My father grew up in a poor neighborhood in Pittsburgh, PA called Hazelwood in the 1950’s and ‘60’s. He used to play basketball with a kid from the neighborhood named Freddie Kittell. All the kids thought Freddie was pretty strange because he almost never talked and would often play ball barefoot, even in the winter. Even though he dropped out of high school in the 10th grade, it turns out Freddie was nurturing a rich inner thought life that would come out as he grew into one of America’s great playwrights, writing under his middle name combined with his mother’s maiden name, August Wilson.
Fences is one of the ten plays in what is known as “The Pittsburgh Cycle,” with nine out of the ten plays taking place in Pittsburgh. The two most famous stars to play the central character, Troy Maxson, on stage are James Earl Jones and Denzel Washington, who starred in it (along with Viola Davis) on Broadway in 2010. Washington is the director of the new film version, and for three reasons was an excellent choice: 1) having done the play over 100 times, he knew it inside and out, 2) August Wilson insisted that an African-American direct the film version of it, and 3) Washington has proven himself an excellent director with his previous (underrated) efforts, Antwone Fisher and The Great Debaters. Washington does not disappoint with his third effort as director. This is a great film, a once-in-a-decade kind of film.
Fences takes place in the 1950’s and centers on Troy and his family. Troy is a garbage man who was once a great baseball player, but by the time the major leagues were admitting Negro League players in, Troy was too old to make it in the majors. It is clear he has never gotten over that, nor a number of other things in his past, and he can’t help but take out his anger and frustration on his family, which includes his long-suffering wife Rose (Viola Davis), his older son Lyons (Russell Hornsby), his brother Gabriel (Mykelti Williamson), and his younger son Cory (Jovan Adepo).
In the vein of all great literature and cinema, Wilson has created a character in Troy who is complex. He loves his family, but he doesn’t always know how to show it, or how to separate his own struggles from their situations. The audience goes from hating him one minute to sympathizing with him the next, even rooting for him when he becomes the first black garbage truck driver in Pittsburgh. We are sympathetic to Troy at the same time we realize that he is the villain. The wicked injustice of American society towards African-Americans has created deep wounds in Troy, and white viewers, like myself, are invited to walk a mile in a black man’s shoes and try to understand how he has become so bitter and bullying, and what drives him. As A.O. Scott insightfully notes in his NY Times review, “[Troy’s] rigid ideas about work, responsibility, and manhood constitute not a demand for attention, but an assertion of dignity.”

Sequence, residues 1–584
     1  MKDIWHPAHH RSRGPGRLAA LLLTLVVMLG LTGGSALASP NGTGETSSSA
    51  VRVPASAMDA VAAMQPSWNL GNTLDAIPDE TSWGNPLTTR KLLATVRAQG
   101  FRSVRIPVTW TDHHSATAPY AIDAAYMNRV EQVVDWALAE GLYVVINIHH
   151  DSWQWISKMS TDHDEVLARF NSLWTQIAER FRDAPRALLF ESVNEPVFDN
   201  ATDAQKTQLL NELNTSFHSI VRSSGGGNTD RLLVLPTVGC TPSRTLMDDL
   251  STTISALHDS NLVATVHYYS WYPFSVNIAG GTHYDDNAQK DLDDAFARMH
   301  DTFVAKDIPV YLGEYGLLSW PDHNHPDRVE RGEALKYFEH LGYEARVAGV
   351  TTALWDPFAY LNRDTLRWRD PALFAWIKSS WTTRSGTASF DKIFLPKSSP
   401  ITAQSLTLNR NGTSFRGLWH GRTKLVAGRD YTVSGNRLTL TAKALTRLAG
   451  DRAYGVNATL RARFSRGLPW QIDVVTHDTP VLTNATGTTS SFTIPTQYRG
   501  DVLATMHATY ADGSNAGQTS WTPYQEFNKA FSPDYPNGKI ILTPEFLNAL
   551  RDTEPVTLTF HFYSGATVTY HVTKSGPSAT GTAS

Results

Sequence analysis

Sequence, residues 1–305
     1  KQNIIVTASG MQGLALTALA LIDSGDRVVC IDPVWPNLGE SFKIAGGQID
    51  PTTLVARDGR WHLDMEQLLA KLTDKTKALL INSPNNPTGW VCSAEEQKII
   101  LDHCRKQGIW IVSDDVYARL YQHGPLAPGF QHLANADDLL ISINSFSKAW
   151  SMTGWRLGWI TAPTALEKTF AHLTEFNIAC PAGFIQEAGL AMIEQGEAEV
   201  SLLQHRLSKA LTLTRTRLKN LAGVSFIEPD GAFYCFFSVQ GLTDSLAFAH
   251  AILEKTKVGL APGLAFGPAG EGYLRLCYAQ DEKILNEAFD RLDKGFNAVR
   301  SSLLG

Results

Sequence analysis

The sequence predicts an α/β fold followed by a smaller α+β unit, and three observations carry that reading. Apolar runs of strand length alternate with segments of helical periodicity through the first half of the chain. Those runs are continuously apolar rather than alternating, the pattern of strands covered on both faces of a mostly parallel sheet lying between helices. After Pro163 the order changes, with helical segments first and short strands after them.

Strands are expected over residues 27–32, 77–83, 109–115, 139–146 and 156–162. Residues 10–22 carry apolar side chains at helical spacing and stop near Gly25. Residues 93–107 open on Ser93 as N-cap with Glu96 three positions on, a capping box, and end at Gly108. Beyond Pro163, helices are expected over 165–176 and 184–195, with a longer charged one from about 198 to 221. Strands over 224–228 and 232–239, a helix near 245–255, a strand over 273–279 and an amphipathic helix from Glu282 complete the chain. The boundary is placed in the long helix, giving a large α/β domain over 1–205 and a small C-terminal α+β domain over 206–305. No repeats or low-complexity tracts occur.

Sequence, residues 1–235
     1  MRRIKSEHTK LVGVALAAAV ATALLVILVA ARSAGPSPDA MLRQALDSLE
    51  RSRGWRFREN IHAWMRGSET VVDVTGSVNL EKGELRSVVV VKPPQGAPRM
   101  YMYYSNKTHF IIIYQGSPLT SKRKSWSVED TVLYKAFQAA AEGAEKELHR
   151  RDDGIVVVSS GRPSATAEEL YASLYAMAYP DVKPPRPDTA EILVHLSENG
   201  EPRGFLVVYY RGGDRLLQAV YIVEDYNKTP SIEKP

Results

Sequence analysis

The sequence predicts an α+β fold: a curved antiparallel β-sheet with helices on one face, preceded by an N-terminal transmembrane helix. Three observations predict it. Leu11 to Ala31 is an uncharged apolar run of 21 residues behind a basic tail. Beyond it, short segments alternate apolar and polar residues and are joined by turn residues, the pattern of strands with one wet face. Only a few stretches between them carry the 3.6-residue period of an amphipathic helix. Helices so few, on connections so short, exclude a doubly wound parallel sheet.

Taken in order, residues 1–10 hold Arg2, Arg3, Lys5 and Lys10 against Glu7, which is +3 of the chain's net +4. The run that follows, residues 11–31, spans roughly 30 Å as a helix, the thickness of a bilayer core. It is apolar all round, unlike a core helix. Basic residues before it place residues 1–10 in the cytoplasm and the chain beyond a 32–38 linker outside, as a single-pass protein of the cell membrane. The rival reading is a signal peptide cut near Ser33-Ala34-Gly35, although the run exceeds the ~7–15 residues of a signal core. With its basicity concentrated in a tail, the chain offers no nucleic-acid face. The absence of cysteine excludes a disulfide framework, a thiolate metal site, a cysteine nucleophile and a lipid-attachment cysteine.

Translating a play to the big screen is tricky, as the long scenes of a play feel stuffy and often don’t work as well for restless film audiences. But, Washington and his cinematographer Charlotte Christensen (Girl on the Train, Far From the Madding Crowd), filming on location in Pittsburgh, have kept things simple, letting the scenes breathe while letting the actors do terrific work. There is not a weak performance among any of the actors, with Denzel and Viola Davis sure to be nominated for Academy Awards.
August Wilson was quoted in an interview in 1999 saying, “I once wrote this short story called ‘The Best Blues Singer in the World,’ and it went like this- ‘The streets that Balboa walked were his own private ocean, and Balboa was drowning.’ End of story. That says it all. Nothing else to say. I’ve been rewriting that same story over and over again. All my plays are rewriting that same story.”
Fences is certainly about a man drowning in his own private ocean, but the great thing here is how deeply we get to look into the lives of the other characters. Rose may play second fiddle to Troy when it comes to the amount of talking done around the house, but her story is just as alive as his, as we watch her tread water next to her drowning husband. We weep for her like we weep for Cory, who must learn to find some peace with his father in order to avoid drowning in his own ocean.
This may all sound depressing, but while there are moments of devastation, there are also (literal) notes of hope found in God’s grace to this family. It’s no accident that Troy’s brother is named Gabriel, and that he blows a trumpet. We learn that there’s more to life than living inside fences you’ve built for yourself in this life; you also have to know how to get beyond the gates of heaven.